Talking Technology, Take Two

Last week, I wrote:    (LYD)

The important thing is that everyone is capable of understanding technology. Don’t let those supposedly in the know bully you away from being confident in what you understand and what you don’t understand.  T    (LYE)

Jason Zanon at Democracy In Action said the same thing much more eloquently:    (LYF)

It turns out that taking a dogged approach to technical problems — acting like one has no programmer to fall back on and starting with one’s own expertise, whatever it is, googling to enhance it, experimentally replicating bugs and testing possible solutions — can actually get one pretty far down the road, quite often all the way down the road, and build one’s own knowledge into the bargain.    (LYG)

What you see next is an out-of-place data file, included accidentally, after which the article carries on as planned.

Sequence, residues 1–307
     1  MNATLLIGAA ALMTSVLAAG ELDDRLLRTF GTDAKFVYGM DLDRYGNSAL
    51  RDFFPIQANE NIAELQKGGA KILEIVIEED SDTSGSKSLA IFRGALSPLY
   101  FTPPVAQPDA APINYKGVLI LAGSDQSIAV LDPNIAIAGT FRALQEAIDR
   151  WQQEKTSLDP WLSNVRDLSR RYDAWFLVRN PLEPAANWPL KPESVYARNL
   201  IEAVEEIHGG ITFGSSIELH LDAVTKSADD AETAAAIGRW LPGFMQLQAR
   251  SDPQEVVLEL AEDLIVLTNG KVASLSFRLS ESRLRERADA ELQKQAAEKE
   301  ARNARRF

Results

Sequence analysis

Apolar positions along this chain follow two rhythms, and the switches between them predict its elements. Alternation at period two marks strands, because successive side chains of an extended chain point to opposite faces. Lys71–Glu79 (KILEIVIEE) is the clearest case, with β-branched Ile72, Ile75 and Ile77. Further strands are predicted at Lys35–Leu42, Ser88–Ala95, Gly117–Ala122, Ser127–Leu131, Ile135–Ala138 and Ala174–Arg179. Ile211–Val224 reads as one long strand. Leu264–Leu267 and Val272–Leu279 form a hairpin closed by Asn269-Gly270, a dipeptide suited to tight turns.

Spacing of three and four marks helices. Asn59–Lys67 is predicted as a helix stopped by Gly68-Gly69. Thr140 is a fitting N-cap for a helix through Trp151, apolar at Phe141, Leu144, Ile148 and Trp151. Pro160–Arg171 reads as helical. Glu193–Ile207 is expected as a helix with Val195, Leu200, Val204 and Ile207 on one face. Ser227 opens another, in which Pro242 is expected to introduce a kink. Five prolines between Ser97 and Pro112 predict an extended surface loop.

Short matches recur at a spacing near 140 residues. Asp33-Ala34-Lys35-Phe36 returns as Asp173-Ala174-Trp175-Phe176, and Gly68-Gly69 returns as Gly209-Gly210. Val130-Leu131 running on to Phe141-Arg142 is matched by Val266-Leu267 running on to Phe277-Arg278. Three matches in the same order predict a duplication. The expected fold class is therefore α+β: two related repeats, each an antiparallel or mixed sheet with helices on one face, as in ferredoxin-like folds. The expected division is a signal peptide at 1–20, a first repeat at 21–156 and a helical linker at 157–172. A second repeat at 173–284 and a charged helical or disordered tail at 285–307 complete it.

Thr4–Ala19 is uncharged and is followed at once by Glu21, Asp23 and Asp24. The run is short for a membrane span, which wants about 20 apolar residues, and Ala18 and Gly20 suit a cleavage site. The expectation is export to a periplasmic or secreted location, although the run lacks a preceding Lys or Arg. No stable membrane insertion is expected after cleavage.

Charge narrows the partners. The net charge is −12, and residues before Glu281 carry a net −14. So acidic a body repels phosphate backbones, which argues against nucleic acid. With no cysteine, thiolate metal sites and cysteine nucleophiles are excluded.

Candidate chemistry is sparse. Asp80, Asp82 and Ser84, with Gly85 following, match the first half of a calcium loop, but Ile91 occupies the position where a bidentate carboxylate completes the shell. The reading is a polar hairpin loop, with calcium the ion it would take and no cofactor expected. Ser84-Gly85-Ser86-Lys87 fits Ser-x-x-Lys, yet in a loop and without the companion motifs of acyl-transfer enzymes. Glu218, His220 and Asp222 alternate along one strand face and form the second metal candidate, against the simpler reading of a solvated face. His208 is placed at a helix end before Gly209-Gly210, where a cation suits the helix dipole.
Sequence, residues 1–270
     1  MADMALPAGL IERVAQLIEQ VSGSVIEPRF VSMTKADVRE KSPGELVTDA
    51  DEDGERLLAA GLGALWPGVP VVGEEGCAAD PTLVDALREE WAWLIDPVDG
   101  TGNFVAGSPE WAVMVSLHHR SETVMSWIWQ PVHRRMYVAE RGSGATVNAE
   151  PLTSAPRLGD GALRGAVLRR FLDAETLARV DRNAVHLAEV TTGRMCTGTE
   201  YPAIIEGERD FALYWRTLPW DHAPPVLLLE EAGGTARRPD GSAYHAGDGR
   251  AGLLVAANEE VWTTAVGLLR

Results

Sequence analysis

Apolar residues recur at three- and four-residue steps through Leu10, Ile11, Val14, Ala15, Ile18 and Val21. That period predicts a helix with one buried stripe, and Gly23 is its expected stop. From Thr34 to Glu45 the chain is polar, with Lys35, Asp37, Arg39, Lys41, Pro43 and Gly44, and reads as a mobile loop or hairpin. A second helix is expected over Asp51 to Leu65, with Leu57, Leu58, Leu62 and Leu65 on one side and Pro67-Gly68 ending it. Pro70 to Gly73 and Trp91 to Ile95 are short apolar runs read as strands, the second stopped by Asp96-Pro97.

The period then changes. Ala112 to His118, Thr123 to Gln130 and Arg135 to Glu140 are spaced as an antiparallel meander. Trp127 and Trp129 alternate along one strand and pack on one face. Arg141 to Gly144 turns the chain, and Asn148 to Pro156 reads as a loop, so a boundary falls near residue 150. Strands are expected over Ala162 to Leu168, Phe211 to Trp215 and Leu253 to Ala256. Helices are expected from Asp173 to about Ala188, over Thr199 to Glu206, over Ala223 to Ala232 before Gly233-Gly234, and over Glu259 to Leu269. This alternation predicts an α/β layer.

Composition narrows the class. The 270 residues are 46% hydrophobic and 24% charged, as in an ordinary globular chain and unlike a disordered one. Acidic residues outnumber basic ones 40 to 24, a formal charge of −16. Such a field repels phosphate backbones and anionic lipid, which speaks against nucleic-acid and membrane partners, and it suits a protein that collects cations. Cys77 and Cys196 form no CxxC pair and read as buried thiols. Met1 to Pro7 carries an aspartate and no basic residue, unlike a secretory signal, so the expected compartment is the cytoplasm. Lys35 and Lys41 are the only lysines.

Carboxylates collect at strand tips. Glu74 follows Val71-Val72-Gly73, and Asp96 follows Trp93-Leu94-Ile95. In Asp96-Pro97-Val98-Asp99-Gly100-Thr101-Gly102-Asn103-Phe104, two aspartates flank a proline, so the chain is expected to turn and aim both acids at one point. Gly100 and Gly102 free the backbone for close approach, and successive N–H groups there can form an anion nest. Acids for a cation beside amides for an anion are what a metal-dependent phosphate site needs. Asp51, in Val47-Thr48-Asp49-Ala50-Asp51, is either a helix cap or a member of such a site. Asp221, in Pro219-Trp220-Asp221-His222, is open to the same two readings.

And I’ll let you in on a secret: a fair portion of the time that the geeks get ahold of a problem, that’s exactly what they’re doing. They just strike that authoritative pose when they deliver the response to keep the normals in awe.    (LYH)

It’s an amazingly empowering experience that largely hinges on mindset. For better or worse, it’s also the sort of thing to make accidental techies if you’re the one person in an office willing to figure out troublesome printer networking or unpack HTML.    (LYI)

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